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Subject:  Re: Cash out refi or early ira withdrawl? Date:  10/21/2020  12:21 PM
Author:  aj485 Number:  312953 of 312970

Welcome to TMF. I would strongly suggest that when you post, unless you actually do put in your own line breaks, that you NOT check the "Table Data (fixed-width font, enter your own line breaks)" box when posting.

If you take a early withdraw you will be charged a ten percent penalty if your are under the age of 59-1/2 or younger.

Unless you meet an exception, which, in 2020, includes being impacted by COVID-19.

Also when you pay back your 401K plus any interest you will be paying yourself back from the gross portion [already taxed]of your paycheck, meaning that you are paying double tax on 401K due to the fact that they will tax you when you someday take a withdraw after retirement.

Sorry, this is a red herring. First of all, the OP didn't talk about taking out a loan from their 401(k), which is the way that you would generally 'pay it back from your paycheck'. But even if they had been talking about taking a loan, there is no double taxation of income. We are taxed on income. When you take out a 401(k) loan, it doesn't change your income, so you don't pay any additional income tax. While you are paying back the 401(k) loan, you still have the same income, so there isn't any additional income tax. When you withdraw from your 401(k), you are taxed on the withdrawal amount as income. You aren't taxed any additional amount because some of the money was once taken out as a loan and was then repaid. So, where is the double taxation? You pay the same amount of income taxes throughout your lifetime whether or not you take out a 401(k) loan.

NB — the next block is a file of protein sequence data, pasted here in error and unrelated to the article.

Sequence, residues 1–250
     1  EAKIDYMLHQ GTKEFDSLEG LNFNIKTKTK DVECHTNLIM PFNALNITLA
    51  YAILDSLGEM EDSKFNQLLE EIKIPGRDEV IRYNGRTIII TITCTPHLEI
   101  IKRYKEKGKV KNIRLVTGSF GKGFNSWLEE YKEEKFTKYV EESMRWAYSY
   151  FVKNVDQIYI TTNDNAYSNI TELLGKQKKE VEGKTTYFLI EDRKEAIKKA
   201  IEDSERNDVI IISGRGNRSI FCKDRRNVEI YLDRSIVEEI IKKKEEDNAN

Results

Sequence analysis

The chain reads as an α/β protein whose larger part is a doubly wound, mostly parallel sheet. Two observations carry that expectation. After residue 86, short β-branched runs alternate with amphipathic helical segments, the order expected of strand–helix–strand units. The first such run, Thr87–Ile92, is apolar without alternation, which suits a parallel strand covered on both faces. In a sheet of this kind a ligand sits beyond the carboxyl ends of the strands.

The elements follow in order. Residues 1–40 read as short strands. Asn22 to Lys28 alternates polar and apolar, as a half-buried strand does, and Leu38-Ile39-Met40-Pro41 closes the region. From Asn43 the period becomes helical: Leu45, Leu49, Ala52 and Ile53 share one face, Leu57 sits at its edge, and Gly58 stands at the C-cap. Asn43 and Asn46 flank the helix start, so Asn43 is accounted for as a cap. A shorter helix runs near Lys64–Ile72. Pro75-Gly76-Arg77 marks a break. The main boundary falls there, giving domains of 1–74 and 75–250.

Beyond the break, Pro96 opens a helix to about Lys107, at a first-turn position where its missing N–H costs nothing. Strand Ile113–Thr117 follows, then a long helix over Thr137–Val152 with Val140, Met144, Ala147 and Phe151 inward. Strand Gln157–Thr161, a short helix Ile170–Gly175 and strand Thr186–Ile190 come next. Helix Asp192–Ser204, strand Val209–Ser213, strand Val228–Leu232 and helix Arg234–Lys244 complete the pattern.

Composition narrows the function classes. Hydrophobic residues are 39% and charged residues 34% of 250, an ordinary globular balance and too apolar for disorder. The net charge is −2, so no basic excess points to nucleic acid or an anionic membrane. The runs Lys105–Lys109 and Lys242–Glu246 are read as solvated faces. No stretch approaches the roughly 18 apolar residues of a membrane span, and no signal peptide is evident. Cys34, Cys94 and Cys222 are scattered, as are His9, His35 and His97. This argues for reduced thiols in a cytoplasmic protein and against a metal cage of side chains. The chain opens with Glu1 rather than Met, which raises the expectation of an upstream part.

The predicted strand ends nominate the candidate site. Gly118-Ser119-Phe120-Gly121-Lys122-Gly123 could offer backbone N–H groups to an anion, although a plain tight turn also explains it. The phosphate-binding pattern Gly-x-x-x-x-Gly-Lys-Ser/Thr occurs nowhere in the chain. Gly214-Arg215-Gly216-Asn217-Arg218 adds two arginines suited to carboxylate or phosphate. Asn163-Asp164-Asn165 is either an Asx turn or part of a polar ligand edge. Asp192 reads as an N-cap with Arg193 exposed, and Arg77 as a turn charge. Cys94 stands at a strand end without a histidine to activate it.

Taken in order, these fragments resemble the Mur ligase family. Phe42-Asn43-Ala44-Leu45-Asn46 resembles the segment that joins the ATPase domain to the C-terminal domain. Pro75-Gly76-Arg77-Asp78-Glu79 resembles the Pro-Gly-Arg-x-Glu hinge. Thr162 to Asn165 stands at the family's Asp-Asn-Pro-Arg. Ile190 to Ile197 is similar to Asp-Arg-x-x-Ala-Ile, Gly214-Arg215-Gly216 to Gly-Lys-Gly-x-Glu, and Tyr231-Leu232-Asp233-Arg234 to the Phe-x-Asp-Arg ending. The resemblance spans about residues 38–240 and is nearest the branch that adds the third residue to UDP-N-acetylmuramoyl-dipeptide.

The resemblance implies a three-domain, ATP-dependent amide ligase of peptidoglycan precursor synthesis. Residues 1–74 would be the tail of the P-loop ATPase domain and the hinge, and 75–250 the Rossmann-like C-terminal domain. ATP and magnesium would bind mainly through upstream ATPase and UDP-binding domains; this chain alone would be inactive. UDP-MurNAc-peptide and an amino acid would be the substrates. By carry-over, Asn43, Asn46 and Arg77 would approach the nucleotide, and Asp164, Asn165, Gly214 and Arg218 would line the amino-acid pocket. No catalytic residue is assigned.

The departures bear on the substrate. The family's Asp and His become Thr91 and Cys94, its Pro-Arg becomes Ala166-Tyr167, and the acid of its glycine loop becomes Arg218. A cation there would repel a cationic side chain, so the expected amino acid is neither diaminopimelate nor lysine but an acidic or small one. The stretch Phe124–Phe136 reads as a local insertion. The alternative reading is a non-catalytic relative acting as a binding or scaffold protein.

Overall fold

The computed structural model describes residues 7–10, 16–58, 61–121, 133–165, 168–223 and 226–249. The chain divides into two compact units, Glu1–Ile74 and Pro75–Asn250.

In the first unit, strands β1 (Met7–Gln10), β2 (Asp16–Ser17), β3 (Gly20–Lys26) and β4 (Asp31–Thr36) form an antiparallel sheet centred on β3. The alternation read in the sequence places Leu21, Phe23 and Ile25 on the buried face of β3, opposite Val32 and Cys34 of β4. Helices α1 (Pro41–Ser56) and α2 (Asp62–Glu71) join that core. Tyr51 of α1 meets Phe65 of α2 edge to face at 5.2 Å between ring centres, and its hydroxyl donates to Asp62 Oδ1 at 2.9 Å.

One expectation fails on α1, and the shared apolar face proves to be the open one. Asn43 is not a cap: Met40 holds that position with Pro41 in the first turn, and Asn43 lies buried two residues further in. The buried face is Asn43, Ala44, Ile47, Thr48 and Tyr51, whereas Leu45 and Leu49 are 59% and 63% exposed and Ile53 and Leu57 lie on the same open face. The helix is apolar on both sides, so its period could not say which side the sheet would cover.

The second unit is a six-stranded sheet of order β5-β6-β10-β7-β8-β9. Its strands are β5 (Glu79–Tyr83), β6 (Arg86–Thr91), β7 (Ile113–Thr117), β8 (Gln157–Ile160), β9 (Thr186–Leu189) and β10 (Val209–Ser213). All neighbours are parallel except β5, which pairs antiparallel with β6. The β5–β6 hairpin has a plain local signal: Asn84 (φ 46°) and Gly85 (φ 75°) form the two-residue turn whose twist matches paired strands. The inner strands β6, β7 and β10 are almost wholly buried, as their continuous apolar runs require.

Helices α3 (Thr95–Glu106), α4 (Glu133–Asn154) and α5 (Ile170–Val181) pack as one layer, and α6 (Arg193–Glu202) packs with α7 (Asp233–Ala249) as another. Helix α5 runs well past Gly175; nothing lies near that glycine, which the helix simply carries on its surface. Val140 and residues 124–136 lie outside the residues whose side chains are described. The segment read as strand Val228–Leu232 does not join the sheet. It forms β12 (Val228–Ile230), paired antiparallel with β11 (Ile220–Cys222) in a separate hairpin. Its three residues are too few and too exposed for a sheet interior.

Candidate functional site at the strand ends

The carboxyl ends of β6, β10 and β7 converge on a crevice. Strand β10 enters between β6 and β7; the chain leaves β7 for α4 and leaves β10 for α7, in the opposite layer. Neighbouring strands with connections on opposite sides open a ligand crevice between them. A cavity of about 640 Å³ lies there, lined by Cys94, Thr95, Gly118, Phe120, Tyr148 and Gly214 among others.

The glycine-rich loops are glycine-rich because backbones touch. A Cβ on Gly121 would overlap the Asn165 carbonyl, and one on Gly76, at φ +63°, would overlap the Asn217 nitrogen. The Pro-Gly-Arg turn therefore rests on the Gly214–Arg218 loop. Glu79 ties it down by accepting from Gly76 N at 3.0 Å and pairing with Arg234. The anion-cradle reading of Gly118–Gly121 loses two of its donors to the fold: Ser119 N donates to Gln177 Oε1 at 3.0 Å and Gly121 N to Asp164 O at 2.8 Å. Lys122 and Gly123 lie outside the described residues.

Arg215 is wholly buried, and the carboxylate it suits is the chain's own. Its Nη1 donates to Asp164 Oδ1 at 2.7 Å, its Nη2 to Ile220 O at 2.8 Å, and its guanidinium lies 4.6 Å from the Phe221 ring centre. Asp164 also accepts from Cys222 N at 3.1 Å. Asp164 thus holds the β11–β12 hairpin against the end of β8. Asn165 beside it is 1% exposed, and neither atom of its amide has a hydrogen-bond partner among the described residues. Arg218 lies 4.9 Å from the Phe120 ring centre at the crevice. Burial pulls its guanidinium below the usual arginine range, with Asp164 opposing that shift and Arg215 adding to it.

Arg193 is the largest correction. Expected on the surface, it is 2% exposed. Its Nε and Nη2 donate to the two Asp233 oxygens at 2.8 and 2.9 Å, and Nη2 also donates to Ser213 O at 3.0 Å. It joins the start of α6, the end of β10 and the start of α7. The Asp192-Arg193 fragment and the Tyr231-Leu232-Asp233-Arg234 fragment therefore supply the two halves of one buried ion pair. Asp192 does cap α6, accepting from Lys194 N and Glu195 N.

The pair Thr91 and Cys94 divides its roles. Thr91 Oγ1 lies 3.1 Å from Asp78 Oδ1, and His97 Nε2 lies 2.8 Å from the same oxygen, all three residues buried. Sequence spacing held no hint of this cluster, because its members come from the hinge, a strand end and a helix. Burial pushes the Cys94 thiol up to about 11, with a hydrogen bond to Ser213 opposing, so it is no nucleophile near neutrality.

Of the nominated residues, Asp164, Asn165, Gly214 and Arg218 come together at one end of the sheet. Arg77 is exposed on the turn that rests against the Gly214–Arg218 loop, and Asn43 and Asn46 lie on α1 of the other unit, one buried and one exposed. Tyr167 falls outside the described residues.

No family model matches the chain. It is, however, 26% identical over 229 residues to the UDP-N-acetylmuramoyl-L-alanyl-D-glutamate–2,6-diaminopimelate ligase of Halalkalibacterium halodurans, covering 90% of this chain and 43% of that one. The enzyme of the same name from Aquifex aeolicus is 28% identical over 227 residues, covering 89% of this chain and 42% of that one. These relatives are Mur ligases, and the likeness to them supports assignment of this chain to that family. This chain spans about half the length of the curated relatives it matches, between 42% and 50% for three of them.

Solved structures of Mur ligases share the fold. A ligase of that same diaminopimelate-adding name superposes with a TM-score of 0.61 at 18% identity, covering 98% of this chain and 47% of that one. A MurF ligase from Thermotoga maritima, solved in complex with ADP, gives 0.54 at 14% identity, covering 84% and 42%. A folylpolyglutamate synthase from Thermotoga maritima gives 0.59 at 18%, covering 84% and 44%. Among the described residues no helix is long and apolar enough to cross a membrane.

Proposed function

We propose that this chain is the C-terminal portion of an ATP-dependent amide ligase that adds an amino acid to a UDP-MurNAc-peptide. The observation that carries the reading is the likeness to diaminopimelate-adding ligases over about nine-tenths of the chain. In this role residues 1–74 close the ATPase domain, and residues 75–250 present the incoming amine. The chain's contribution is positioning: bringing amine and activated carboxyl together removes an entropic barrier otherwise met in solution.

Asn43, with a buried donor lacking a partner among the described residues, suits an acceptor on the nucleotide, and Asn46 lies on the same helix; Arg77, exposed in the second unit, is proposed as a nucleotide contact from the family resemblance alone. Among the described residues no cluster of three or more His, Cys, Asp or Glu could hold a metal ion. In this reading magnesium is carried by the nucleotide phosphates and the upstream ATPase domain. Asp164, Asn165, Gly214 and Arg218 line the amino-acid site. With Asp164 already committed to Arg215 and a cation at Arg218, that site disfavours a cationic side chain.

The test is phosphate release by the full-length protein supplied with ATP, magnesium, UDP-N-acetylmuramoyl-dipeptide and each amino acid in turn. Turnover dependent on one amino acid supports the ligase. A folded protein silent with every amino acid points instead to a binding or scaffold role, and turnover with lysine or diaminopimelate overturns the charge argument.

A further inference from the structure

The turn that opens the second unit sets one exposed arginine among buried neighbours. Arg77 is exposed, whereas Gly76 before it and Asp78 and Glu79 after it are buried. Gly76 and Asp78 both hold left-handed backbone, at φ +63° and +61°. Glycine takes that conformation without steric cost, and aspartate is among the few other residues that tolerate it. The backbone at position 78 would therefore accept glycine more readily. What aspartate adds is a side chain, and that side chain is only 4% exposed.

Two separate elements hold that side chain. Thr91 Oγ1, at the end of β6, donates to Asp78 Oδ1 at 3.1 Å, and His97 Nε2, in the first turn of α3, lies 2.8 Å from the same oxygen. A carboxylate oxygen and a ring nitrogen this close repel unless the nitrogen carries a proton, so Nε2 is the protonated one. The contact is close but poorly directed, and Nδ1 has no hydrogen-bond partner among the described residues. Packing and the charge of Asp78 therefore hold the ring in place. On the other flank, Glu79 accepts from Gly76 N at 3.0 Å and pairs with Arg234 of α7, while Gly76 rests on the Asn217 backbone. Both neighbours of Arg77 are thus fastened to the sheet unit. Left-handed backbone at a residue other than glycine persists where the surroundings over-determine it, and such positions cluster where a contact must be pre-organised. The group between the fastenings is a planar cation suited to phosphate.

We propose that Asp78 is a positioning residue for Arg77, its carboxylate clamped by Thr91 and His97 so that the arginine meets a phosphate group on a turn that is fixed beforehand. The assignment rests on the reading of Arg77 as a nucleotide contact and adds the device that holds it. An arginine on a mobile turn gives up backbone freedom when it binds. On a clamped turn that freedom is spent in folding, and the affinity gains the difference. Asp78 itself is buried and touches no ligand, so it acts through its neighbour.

In fact, some people say that by taking out a 401(k) loan, you are actually lessening the value that the account will grow to by the time you retire, because the return on the 401(k) loan is less than you can get in stocks.* If that's the case, you actually lower your lifetime tax bill a bit, because a lower account balance will result in lower RMDs, which will result in lower taxes. So, if that's correct, over your lifetime, by taking out a 401(k) loan, you will actually pay less in income taxes.

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